The new blended fertilisers have raised optimism among farmers after research showed that they could help almost double yields compared to the current ones on the market.
The blended fertilisers boast of more micronutrients, according to researchers, and are made by mixing sulphur, zinc, boron and copper among others and NPK, that has been used by farmers for a long time. The farmers’ optimism was raised, last week, after visiting the Irish potato demonstration plots in Rulindo District where the blended fertilisers are being tried.
Vicky Ruganzu, a researcher at Rwanda Agriculture Board (RAB), who has been part of the research project since 2014, said the new blended fertilisers can help spur yield per hectare to between more seven and eight tonnes.
“The yields could improve from 24 tonnes per hectare to about 34 tonnes in volcanic soils, while it could increase from 18 tonnes to 26 tonnes per hectare in other soil types,” he said.
Ruganzu revealed that they are trying the fertilisers on 200 Irish potato demonstration plots across the country. Five of these plots are in Rulindo. The new blended fertiliser was developed by RAB and is produced by OCP Africa, a Morocco-based global fertiliser maker.
Eugenie Musabyeyezu, a farmer in Murama cell, Kisaro sector, who participated in the fertiliser testing project, said she planted 50 kilogrammes of Irish potato seeds and harvested 600 kilogrammes compared to 200 kilogrammes harvested previously after planting 100 kilogrammes on the same piece of land.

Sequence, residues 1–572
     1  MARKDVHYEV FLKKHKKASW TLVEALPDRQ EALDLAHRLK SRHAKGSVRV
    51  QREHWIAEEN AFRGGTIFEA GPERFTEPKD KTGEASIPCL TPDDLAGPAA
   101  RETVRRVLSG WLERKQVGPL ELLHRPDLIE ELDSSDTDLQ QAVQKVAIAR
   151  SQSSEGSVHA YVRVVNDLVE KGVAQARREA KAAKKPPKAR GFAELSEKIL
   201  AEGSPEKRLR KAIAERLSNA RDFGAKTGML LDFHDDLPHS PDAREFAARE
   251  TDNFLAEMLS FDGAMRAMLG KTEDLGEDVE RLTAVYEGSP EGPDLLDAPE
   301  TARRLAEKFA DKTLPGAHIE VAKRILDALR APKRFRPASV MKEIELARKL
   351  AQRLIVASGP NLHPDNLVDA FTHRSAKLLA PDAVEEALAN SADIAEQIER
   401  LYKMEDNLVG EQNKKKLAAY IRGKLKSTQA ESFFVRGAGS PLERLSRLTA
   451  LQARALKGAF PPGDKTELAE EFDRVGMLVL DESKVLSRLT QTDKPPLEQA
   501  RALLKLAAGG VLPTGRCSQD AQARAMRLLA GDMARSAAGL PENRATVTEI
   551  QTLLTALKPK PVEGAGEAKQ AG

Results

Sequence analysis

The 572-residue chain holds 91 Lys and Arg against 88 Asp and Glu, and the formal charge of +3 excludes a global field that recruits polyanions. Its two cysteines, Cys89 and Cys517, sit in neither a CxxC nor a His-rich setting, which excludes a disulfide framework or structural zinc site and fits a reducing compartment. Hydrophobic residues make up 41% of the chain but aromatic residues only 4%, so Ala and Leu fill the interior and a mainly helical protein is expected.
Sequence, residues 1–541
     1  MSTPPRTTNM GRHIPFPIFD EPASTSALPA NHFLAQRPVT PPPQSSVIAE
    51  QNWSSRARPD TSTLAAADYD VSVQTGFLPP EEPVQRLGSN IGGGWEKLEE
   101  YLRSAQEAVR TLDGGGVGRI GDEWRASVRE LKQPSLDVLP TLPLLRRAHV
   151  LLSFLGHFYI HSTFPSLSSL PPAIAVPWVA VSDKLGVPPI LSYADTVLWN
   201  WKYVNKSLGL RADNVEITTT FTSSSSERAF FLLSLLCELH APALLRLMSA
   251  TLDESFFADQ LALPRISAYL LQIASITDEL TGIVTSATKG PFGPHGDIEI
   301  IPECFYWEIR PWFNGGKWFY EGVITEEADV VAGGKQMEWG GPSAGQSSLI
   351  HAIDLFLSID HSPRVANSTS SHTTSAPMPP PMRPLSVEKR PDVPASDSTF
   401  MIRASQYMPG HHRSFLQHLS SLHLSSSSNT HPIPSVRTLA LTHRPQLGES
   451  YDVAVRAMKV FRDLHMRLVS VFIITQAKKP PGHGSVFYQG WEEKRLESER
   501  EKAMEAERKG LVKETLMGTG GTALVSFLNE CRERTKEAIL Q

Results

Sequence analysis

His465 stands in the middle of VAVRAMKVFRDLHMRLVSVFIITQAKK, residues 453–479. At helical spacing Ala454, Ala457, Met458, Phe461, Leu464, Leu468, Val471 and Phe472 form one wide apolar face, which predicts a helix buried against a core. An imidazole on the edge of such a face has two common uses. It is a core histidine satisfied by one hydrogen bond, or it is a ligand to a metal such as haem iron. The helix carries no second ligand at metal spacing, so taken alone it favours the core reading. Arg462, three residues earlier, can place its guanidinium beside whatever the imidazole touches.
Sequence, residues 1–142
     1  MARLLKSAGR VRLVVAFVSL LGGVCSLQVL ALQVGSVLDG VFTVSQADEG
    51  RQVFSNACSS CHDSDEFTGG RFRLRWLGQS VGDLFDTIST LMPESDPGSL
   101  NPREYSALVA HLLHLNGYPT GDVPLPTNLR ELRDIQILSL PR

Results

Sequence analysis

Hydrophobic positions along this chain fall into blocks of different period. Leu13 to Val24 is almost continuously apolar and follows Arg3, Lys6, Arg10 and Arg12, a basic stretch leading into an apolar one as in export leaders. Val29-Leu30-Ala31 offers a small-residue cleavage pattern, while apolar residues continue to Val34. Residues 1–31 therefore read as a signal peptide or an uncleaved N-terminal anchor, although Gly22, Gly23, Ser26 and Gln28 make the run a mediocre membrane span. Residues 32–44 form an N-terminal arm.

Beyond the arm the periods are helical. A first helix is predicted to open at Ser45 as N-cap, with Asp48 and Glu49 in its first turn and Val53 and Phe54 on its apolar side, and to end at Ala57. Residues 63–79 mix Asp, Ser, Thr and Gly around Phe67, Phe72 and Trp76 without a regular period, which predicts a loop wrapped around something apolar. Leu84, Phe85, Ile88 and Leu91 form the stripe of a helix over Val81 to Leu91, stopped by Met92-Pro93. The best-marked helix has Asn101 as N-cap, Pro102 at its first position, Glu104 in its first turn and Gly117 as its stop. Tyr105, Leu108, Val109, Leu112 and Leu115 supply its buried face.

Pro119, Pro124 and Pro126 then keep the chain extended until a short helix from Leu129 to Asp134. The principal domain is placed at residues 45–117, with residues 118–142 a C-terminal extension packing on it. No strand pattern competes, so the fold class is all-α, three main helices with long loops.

Musabyeyezu is now urging Rwanda Agriculture Board (RAB) to avail the micronutrients to farmers to support crop production in the country.
“We want to know how we can access the fertilisers,” she said during the tour of the demonstration plots by researchers and farmers. The farmer added that the crop on the plot where she used only NPK does not look as health as the one with new blended fertilisers.
Consolee Rehema, a farmer in Mwumba cell, Buyoga sector, said the potatoes where she applied the new blended micronutrients look well-nourished and attractive compared to those where she did not use them. “If we access the new fertilisers, we will expand Irish potato production … I have been planting on two small pieces of land where I could harvest 400 kilogrammes, but I plan to increase this when I get the blended micronutrients.”
Jean Claude Mucye, another farmer, said he currently harvests four tonnes but hopes that once the blended fertilisers are availed on the market, his yields could double.
New fertiliser blending factory in the offing
Patrick Karangwa, the head of research at RAB, said construction works of a factory that will produce blended micronutrients will start in January.
The project is being undertaken by the agriculture ministry in conjunction with partners from Morocco, according to the official. He was confident that farmers could start receiving the fertiliser later next year.
He noted that the move will help reduce the cost of fertilisers besides increasing crop production. “We developed formulas and then sent them to Morocco for blending. But once the factory is here in Rwanda, it will be easy for farmers to access the fertilisers,” he said.